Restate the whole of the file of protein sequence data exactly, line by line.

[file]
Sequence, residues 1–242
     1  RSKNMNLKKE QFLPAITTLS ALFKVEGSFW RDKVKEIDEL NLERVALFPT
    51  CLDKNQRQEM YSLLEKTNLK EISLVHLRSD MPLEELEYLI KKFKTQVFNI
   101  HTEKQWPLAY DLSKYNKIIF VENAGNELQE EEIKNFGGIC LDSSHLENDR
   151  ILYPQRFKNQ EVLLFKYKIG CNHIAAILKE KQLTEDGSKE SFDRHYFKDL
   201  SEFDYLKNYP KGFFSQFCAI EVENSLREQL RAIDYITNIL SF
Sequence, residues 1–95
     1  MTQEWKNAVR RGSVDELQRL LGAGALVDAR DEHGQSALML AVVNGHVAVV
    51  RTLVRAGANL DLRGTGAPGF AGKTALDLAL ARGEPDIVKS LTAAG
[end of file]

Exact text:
Sequence, residues 1–242
     1  RSKNMNLKKE QFLPAITTLS ALFKVEGSFW RDKVKEIDEL NLERVALFPT
    51  CLDKNQRQEM YSLLEKTNLK EISLVHLRSD MPLEELEYLI KKFKTQVFNI
   101  HTEKQWPLAY DLSKYNKIIF VENAGNELQE EEIKNFGGIC LDSSHLENDR
   151  ILYPQRFKNQ EVLLFKYKIG CNHIAAILKE KQLTEDGSKE SFDRHYFKDL
   201  SEFDYLKNYP KGFFSQFCAI EVENSLREQL RAIDYITNIL SF
Sequence, residues 1–95
     1  MTQEWKNAVR RGSVDELQRL LGAGALVDAR DEHGQSALML AVVNGHVAVV
    51  RTLVRAGANL DLRGTGAPGF AGKTALDLAL ARGEPDIVKS LTAAG